Monday, December 31, 2007

PM Worship Service

I submit for your approval a sermon I preached yesterday for New Year's. I wouldn't necessarily call it a homerun, but I feel safe saying that I thought it was an extra-base hit. Its not too late to challenge your church for the New Year. If there's anything in there that helps, or even if you just want to preach from that script, have at it.

I want to ask this question: where did PM worship service come from? Who was the first guy to say, "One worship service on Sunday isn't enough. We need two."

I love Mike Cope's joke about PM worship service. He calls the AM service the "Varsity" service, and PM the "JV" edition. Varsity comes out in the morning; they have the nicer uniforms & the bigger audience. JV comes out at night. To most folks, they care about the Varsity team, but they could care less about JV. I even recognize that most of my better sermons are the ones I preach Sunday AM.

I fail to understand why someone once felt the need & decided for the church to come together, worship, leave, then come together again, and rehearse from the same script what we did on Sunday morning. If its the Lord's Supper people need an extra chance to take, we could have a dedicated Lord's Supper Service. However, I've just gotta say that the church's antiquated system of PM worship service is redundant (and so not attractive), inconvenient, and (frankly) ineffective on many levels.

I love the idea of coming together on Sunday for a 3-4 hour block of time... having bible study, having worship, sharing a meal, and then going home. Or having worship Sunday AM & having cell groups in homes at night. Those ideas make sense. Can we say the same about the idea of PM worship service?


Mark said...

Hey! Glad you found some usefulness in the daily Bible posts. I did my first reading today for 2008. So far, I'm batting 1000 :-).

Regarding the Sunday night thing, brother, I can totally relate. I used to get so frustrated some times because I felt like I was expected to preach a LONGER sermon (which requires more prep work) for FEWER people.

Then again, the nice thing about sunday nights is that the people who are there are generally very seriously dedicated. I found that many of them have greater attention spans, providing me with opportunities to teach about things the Sunday morning crowd wouldn't have the patience for.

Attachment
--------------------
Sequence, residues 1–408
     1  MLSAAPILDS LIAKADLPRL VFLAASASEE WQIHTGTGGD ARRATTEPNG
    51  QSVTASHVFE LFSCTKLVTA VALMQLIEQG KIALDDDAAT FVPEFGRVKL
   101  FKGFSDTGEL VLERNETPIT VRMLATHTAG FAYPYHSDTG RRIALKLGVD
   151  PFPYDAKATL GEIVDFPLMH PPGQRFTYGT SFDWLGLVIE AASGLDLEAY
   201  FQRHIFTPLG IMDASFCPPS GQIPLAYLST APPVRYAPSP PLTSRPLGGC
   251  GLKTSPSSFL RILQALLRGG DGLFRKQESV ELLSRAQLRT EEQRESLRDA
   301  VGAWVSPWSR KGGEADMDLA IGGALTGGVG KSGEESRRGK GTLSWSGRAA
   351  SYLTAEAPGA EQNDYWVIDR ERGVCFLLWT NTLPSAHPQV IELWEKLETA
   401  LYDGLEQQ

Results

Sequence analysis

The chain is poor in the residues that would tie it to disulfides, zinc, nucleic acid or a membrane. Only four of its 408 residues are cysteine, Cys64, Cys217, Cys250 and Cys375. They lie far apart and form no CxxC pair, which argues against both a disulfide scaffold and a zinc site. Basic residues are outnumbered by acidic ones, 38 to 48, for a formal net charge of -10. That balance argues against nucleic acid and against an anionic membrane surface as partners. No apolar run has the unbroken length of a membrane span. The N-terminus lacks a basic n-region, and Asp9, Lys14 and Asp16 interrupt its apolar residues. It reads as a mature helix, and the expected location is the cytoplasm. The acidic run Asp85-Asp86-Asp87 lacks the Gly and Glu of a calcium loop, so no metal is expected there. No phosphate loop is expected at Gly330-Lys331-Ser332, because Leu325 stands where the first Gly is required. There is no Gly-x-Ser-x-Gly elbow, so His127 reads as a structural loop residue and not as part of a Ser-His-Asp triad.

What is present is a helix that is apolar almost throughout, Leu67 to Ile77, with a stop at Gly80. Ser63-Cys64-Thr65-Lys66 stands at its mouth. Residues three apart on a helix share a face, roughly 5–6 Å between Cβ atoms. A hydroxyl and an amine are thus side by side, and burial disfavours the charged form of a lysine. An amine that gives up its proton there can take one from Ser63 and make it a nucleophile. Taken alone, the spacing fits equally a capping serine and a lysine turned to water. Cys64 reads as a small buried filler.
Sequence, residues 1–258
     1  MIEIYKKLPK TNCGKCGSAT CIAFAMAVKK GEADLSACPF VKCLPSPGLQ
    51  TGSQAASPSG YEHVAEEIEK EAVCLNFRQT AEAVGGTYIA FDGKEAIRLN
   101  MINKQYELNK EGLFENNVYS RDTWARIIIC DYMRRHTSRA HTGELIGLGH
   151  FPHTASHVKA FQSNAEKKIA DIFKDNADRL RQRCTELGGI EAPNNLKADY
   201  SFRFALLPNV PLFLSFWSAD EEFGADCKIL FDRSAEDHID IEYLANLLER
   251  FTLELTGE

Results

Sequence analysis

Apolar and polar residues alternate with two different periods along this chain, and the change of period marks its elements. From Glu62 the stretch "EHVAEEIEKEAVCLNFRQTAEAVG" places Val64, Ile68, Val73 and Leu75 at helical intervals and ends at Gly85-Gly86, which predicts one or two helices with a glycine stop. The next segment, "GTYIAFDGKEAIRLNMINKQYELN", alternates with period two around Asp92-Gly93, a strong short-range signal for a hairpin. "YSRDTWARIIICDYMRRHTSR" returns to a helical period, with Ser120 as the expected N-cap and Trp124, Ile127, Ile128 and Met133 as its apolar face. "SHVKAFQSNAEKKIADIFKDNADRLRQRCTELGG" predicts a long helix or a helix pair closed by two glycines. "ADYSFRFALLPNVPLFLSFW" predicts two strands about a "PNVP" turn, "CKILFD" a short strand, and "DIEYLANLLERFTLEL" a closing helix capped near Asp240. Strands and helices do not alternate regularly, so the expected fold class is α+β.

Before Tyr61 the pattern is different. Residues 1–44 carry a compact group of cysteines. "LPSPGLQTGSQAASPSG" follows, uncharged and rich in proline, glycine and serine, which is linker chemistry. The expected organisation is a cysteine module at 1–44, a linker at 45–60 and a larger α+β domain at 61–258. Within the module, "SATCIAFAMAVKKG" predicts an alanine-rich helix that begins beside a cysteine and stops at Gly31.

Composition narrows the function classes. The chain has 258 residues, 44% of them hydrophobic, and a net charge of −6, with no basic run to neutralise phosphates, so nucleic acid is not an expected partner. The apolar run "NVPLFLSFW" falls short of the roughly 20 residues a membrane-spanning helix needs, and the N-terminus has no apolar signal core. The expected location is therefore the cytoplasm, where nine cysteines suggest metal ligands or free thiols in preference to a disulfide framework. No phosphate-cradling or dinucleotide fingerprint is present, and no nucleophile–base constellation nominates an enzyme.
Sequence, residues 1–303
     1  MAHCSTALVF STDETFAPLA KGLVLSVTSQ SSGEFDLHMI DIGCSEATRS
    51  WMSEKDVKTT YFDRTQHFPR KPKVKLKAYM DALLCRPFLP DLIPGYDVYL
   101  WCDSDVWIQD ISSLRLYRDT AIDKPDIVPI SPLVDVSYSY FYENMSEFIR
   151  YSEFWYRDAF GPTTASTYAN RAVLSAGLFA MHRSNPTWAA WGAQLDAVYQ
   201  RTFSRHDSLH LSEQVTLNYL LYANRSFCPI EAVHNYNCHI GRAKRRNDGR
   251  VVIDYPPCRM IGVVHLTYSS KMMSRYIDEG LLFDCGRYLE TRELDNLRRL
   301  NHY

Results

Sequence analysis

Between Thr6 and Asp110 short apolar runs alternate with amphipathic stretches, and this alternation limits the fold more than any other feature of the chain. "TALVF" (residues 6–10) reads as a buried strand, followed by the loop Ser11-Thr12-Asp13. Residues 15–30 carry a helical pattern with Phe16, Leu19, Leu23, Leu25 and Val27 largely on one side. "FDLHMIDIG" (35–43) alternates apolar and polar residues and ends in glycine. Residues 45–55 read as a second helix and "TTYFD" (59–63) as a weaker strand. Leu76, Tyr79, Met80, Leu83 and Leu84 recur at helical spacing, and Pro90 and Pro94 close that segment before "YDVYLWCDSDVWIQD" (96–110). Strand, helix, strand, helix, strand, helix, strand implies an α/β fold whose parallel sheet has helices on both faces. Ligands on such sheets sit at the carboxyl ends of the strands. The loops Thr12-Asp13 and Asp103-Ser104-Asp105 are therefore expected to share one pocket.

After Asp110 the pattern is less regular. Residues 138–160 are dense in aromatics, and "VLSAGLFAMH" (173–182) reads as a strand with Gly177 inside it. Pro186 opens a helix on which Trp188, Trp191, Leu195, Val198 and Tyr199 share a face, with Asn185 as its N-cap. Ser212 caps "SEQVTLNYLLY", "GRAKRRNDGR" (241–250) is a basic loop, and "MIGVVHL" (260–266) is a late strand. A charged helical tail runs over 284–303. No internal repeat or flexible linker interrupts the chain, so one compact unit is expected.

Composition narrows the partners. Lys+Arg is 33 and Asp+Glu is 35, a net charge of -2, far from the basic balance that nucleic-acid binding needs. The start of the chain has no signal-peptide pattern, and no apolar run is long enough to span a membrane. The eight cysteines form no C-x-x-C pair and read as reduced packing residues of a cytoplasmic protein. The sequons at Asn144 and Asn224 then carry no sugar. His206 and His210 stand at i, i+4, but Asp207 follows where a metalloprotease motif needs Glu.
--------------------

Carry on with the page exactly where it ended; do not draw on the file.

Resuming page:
I've gone through some similar feelings about Wed. night devotionals before class. I do one every week here, and at first it just felt like I was using up all my good sermon ideas for lessons that no one is ever going to respond to.

But my thinking has gradually changed. I still wish I didn't have to do them every week in some ways, but in others, people have given me some really positive feedback. I've tried to prepare each one from the angle "What does a Christian need to hear in the middle of a busy work week?" People have contined to pull me aside and tell me, "Man, I really love your Wed. devotionals...they always give me what I need to make it through the rest of the week."

Not that all my sermons have been good, but I've gotten to a place where I can see some value in what we do, even if I'd rather do it a different way myself. It's easy to feel like Sunday nights don't accomplish anything, but if we give them our best and don't preach Diet Coke sermons (as it is very tempting to do), God can still use it.

Thanks for your post about this. May God bless your ministry.

Mark <><

III said...

Thanks for your comment, Mark. I can tell that you feel my pain ;)

Yeah, I usually do appreciate the sense in which the Sunday night crew are the dedicated & really tune in to what you have to say. It's not so much the smaller audience & expectation to preach more for me, but it's the general lack of efficiency and energy in trying & failing to replicate Sunday morning each Sunday night.

I'd love to split my PM crowd into small groups. I'd get real excited about that!

Jordan said...

Not being a preacher and coming from some successful groups, I am all for Sunday nights.

Growing I always liked them because that was when the youth group hung out. In college they were great because it was an informal sermon where audience input was highly encouraged (more of a class).

I find the informal setting to be a very ripe environment for learning and answering questions. Sunday nights are not as intimidating as a formal sermon to people who have questions and such.

Also, I am thoroughly addicted to Wednesday night small groups. There are a great way to connect and refocus during the week. Highly recommend them.

Mark said...

Jordan...that's a neat idea. It's too bad that more of our churches don't cater to environments where honest inquiry is treated respectfully. If people feel comfortable asking what's really on their hearts, that's a sign of a healthy church to me.